Theatre Preview: Wine in French high society

The rules dictate strip poker is assumed to be hilarious. Whether drunk off gin in university, or having a few too many bottles of wine in your thirties, it’s always uproarious. That is until an argument about the baby monitor breaks out. The rules command by the time we reach our mid-thirties we are married with kids, a house, jobs and married friends with the same mid-thirties sensibilities.

“Peter [John Kirkpatrick] and Mary [Karen Johnson-Diamond] have everything: the house with the in-ground swimming pool out back, the kid, the plans to adopt a baby from China, the fabulous vacations in Cuba,” says ATP Artistic Director and director of The Leisure Society Bob White. “But they’ve lost contact with one another and lost their souls. What the play examines is how everything they’ve invested in is bankrupt.”

Peter and Mary, abiding by the rules, have been married five and a half years­–they’re living the life with all the appropriate cliches.

Unfortunately there is nothing in their lives holding them together– they’re slowly drifting away. In their prescribed, fashionable living room they sit with their embarrassing friend they no longer want to see. The couple plan to tell Mark (Trevor Leigh) he doesn’t fit into their lives over dinner, but he arrives with his “friend” Paula (Brieanna Moench). She’s dressed in a matching sateen pants-bustier set and brings along a box of wine.

A couple in the upwardly mobile class set wouldn’t appreciate a cardboard container of wine. But in Montreal? In Montreal, where they feign being French, the rule about never drinking alcohol out of a tetra-pack is everlasting. Originally written in French by playwright François Archambault as a commentary on Montreal society, ATP commissioned Bobby Theodore to translate the piece as part of this year’s playRites Festival.

“The aim of the festival is to showcase Canadian playwrights, to provide a snapshot of new Canadian works and so every year there’s a translation,” explains White. “This year the challenge was not only translating it, but North Americanizing it.”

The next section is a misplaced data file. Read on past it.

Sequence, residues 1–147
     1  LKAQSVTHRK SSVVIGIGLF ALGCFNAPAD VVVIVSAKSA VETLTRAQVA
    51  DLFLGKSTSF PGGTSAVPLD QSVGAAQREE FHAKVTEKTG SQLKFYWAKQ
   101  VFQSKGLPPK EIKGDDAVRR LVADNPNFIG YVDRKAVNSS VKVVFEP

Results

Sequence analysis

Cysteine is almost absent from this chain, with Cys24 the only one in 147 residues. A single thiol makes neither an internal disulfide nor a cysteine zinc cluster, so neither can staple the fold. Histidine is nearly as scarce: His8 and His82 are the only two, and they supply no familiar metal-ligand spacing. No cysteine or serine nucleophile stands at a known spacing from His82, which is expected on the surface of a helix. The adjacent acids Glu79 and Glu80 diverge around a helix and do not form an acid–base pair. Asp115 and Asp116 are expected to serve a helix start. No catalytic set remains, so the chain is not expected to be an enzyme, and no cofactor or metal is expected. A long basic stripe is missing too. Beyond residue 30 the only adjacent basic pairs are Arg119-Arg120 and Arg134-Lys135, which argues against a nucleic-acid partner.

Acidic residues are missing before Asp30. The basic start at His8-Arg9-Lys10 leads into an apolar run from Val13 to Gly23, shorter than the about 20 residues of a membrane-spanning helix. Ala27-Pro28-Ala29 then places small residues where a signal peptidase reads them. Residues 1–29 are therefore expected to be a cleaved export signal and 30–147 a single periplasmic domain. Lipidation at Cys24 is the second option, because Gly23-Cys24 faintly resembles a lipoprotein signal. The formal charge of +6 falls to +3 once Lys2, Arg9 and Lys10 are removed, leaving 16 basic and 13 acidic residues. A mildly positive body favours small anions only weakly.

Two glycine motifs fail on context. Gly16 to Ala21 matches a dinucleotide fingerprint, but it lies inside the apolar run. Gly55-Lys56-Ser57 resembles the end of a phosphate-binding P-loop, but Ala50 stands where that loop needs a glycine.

The translation process involved more than just converting words from one language to another. The goal became to make the story accessible to citizens of all cities, not just Montreal, where it premiered two years ago.

“We started rehearsing in the beginning of December. Since then the script has changed countless times,” says White. “The cast would go away for a day and come back with suggestions, maybe a proverb here or a cliche there.”

Sitting on stage, the cast waits to start the strip poker scene–A man and two women fully dressed fidget while a man at first in a dressing robe and later only his tighty-whities, rests his yuppy attire on the white sofa. They laugh and giggle, waiting for their cue to start. The play itself is funny, but any humour doesn’t override the absolute honesty in which the play is staged.

“It’s the kind of play you come across maybe once in a decade,” concludes White.

With an endorsement like that from ATP’s artistic director, what more needs to be said?

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